The present application claims priority to the Provisional Application Ser. No. 60/466,838, filed on Apr. 29, 2003, by Weber et al., and entitled “COMPOSITIONS FOR AFFECTING WEIGHT LOSS,” the entire disclosure of which is incorporated herein by reference in its entirety.

BACKGROUND OF THE INVENTION

1. Field of the Invention

The present invention is in the field of pharmaceutical compositions and methods for the treatment of obesity and for affecting weight loss in individuals.

2. Description of the Related Art

Obesity is a disorder characterized by the accumulation of excess fat in the body. Obesity has been recognized as one of the leading causes of disease and is emerging as a global problem. Increased instances of complications such as hypertension, non-insulin dependent diabetes mellitus, arteriosclerosis, dyslipidemia, certain forms of cancer, sleep apnea, and osteoarthritis have been related to increased instances of obesity in the general population.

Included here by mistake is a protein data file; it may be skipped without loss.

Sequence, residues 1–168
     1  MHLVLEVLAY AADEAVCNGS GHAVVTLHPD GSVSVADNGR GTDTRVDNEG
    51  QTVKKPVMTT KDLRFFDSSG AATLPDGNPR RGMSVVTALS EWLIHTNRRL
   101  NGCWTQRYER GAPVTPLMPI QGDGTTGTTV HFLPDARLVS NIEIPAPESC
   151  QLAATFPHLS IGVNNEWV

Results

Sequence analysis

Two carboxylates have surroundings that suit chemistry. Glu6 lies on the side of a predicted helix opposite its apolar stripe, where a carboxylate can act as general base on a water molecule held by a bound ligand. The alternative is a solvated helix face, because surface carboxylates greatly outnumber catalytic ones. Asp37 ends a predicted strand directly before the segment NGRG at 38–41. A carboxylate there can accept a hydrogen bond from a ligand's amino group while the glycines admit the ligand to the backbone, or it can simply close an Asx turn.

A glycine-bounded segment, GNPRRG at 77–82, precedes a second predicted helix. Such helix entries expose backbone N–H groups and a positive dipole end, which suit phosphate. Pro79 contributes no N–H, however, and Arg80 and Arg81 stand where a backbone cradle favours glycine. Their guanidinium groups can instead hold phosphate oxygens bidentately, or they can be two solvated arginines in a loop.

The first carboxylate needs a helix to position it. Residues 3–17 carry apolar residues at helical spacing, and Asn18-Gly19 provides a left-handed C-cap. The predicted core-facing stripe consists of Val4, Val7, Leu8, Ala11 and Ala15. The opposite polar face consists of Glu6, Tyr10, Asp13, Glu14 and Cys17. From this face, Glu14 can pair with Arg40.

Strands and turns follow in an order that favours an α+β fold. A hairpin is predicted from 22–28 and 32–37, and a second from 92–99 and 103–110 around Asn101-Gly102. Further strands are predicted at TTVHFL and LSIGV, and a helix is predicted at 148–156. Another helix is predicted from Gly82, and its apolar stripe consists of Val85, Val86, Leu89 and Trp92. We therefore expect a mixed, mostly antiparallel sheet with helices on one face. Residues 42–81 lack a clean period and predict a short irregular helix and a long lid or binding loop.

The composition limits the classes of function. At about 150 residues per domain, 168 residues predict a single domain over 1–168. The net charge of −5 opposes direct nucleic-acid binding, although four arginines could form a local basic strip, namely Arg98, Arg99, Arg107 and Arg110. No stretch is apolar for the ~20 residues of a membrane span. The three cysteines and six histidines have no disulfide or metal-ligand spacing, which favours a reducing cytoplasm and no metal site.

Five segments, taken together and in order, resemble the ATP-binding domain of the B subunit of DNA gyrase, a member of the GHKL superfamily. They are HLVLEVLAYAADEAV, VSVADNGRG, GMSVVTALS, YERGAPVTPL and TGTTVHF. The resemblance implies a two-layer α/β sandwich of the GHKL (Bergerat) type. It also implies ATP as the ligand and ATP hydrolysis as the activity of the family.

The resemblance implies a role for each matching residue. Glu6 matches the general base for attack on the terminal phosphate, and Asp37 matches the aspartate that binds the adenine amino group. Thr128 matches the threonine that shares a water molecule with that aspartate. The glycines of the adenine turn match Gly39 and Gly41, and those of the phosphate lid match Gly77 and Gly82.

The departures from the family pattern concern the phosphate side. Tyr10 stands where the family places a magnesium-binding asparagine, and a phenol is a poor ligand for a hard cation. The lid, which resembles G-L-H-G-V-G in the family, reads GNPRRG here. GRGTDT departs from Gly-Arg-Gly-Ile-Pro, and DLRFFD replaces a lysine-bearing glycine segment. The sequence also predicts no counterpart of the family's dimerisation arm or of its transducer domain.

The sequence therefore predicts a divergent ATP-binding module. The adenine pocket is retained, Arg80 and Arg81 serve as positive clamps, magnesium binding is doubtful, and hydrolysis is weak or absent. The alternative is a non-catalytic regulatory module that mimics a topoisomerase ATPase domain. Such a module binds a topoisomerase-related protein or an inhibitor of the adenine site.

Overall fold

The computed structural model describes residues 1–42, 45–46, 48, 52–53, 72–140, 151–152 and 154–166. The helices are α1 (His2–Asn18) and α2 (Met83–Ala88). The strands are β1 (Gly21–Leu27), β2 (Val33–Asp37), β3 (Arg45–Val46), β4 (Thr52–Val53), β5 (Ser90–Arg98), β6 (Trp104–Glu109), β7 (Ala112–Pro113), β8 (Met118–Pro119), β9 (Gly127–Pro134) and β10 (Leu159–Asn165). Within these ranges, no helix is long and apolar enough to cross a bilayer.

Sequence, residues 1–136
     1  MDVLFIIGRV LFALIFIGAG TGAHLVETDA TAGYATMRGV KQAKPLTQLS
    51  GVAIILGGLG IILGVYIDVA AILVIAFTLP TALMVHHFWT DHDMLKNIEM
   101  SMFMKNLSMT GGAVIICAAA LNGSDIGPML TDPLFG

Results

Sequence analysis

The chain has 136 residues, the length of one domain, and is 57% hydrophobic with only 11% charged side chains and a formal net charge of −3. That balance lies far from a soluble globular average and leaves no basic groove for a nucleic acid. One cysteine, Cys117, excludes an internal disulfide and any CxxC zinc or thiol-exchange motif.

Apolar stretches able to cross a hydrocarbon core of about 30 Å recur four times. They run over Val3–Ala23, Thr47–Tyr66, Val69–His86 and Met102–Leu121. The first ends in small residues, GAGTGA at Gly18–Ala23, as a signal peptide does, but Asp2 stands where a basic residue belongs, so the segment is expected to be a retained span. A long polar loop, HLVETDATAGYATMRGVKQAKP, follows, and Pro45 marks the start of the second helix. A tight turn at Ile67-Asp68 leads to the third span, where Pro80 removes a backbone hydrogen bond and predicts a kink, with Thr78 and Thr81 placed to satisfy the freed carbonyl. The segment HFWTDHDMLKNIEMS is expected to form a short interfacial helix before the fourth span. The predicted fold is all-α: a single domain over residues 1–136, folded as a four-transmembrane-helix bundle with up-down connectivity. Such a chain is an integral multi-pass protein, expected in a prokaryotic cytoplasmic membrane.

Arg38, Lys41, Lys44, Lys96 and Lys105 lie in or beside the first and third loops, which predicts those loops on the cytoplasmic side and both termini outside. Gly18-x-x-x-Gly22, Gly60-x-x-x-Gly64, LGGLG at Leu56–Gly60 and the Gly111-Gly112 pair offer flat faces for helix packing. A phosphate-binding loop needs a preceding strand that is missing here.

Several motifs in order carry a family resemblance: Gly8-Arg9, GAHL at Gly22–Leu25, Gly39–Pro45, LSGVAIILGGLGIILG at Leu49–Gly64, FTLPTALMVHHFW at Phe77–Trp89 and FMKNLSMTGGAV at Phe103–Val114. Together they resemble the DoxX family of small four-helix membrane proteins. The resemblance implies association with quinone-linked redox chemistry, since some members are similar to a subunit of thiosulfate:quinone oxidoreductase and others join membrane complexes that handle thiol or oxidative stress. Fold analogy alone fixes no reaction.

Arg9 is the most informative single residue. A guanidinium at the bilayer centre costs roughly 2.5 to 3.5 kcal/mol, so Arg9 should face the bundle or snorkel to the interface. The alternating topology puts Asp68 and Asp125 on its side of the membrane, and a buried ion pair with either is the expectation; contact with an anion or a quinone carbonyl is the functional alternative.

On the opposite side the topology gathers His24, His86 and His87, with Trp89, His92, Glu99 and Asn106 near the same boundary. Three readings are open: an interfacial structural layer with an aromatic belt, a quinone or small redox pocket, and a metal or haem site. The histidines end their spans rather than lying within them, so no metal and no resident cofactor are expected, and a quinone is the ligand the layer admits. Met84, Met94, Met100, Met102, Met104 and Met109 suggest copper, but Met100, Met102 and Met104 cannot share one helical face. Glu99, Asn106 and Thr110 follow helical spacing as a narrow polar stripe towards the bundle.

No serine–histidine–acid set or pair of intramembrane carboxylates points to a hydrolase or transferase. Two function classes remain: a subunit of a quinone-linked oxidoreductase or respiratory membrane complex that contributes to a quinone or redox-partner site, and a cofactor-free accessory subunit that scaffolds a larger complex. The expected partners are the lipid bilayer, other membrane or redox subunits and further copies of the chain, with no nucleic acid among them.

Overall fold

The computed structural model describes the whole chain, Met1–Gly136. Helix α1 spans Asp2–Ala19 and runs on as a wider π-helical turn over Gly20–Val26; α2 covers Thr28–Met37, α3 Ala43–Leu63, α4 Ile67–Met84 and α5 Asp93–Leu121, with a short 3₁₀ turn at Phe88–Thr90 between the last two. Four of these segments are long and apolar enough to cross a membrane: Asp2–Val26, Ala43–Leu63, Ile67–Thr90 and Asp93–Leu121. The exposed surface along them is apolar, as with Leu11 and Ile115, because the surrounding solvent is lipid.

Obesity has been defined in terms of body mass index (BMI). BMI is calculated as weight (kg)/[height (m)]2. According to the guidelines of the U.S. Centers for Disease Control and Prevention (CDC), and the World Health Organization (WHO) (World Health Organization. Physical status: The use and interpretation of anthropometry. Geneva, Switzerland: World Health Organization 1995. WHO Technical Report Series), for adults over 20 years old, BMI falls into one of these categories: below 18.5 is considered underweight, 18.5-24.9 is considered normal, 25.0-29.9 is considered overweight, and 30.0 and above is considered obese.